Journal article 573 views 628 downloads
Adipose, Bone Marrow and Synovial Joint-Derived Mesenchymal Stem Cells for Cartilage Repair / Christopher R. Fellows; Csaba Matta; Roza Zakany; Ilyas Khan; Ali Mobasheri
Frontiers in Genetics, Volume: 7
Swansea University Author: Ilyas, Khan
PDF | Version of Record
This is an open-access article distributed under the terms of the Creative Commons Attribution License (CC BY)Download (1.93MB)
Current cell-based repair strategies have proven unsuccessful for treating cartilage defects and osteoarthritic lesions, consequently advances in innovative therapeutics are required and mesenchymal stem cell-based (MSC) therapies are an expanding area of investigation. MSCs are capable of different...
|Published in:||Frontiers in Genetics|
Check full text
No Tags, Be the first to tag this record!
Current cell-based repair strategies have proven unsuccessful for treating cartilage defects and osteoarthritic lesions, consequently advances in innovative therapeutics are required and mesenchymal stem cell-based (MSC) therapies are an expanding area of investigation. MSCs are capable of differentiating into multiple cell lineages and exerting paracrine effects. Due to their easy isolation, expansion, and low immunogenicity, MSCs are an attractive option for regenerative medicine for joint repair. Recent studies have identified several MSC tissue reservoirs including in adipose tissue, bone marrow, cartilage, periosteum, and muscle. MSCs isolated from these discrete tissue niches exhibit distinct biological activities, and have enhanced regenerative potentials for different tissue types. Each MSC type has advantages and disadvantages for cartilage repair and their use in a clinical setting is a balance between expediency and effectiveness. In this review we explore the challenges associated with cartilage repair and regeneration using MSC-based cell therapies and provide an overview of phenotype, biological activities, and functional properties for each MSC population. This paper also specifically explores the therapeutic potential of each type of MSC, particularly focusing on which cells are capable of producing stratified hyaline-like articular cartilage regeneration. Finally we highlight areas for future investigation. Given that patients present with a variety of problems it is unlikely that cartilage regeneration will be a simple “one size fits all,” but more likely an array of solutions that need to be applied systematically to achieve regeneration of a biomechanically competent repair tissue.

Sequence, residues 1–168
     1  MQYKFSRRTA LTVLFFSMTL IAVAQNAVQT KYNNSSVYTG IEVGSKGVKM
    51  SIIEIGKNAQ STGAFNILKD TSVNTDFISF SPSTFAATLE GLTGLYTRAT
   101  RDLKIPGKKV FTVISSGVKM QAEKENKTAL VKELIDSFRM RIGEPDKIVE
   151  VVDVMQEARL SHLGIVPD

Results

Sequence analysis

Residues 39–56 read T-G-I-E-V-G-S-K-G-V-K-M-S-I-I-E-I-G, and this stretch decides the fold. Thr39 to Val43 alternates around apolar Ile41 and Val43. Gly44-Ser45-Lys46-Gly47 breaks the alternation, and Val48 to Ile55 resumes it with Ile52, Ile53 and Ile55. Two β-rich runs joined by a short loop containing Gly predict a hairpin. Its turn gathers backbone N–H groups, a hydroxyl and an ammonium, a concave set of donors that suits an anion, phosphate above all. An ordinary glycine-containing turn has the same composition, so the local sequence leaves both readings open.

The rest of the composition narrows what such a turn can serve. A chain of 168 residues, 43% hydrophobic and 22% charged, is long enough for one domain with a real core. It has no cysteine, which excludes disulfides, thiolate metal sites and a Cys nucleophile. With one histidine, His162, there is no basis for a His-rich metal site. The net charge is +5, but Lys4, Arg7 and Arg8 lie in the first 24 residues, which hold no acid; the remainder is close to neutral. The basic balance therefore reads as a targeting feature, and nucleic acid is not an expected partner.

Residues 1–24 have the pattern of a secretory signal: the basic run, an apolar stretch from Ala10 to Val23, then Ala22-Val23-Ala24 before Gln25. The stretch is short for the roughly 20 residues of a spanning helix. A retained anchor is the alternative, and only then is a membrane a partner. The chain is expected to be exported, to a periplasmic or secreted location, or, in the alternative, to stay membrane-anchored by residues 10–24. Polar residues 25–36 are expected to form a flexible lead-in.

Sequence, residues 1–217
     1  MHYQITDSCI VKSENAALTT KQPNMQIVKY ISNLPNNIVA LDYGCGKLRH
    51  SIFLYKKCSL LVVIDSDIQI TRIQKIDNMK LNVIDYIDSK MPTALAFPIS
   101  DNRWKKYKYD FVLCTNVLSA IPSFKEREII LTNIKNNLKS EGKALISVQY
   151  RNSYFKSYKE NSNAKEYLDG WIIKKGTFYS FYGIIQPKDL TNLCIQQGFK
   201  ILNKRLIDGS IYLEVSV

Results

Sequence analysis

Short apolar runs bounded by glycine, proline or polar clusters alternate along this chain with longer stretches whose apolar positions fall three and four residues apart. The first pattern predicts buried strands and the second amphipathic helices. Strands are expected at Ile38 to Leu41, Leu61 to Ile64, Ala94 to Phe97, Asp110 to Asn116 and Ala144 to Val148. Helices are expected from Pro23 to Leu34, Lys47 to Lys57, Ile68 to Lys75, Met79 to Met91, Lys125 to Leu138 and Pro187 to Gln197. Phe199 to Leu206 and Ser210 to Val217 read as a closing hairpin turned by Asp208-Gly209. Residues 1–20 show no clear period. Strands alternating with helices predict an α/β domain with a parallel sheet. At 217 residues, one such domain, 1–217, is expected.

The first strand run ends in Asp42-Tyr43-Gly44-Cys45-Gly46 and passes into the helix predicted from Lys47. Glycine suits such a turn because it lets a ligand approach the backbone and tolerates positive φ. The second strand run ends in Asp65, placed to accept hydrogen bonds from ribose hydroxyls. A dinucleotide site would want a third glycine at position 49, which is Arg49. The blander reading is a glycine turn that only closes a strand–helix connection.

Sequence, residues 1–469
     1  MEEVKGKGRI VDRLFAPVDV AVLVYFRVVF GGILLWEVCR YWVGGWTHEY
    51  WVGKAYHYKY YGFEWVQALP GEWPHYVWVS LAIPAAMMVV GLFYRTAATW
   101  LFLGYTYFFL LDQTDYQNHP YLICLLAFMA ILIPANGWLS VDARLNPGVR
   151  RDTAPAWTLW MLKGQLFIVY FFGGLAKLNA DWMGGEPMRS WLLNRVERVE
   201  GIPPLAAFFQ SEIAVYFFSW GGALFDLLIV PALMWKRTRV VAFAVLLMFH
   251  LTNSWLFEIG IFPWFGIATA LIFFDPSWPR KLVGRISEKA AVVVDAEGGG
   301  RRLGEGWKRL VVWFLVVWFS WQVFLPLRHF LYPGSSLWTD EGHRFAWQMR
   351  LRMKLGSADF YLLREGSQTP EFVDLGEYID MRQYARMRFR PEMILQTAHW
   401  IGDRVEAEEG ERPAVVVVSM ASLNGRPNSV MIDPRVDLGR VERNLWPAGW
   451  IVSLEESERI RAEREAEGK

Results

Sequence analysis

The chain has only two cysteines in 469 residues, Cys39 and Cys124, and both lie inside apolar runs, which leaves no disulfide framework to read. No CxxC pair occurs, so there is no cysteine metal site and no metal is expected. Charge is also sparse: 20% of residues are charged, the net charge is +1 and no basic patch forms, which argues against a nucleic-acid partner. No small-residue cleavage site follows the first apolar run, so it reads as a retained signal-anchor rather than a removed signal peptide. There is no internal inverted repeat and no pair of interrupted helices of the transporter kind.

Swansea University Medical School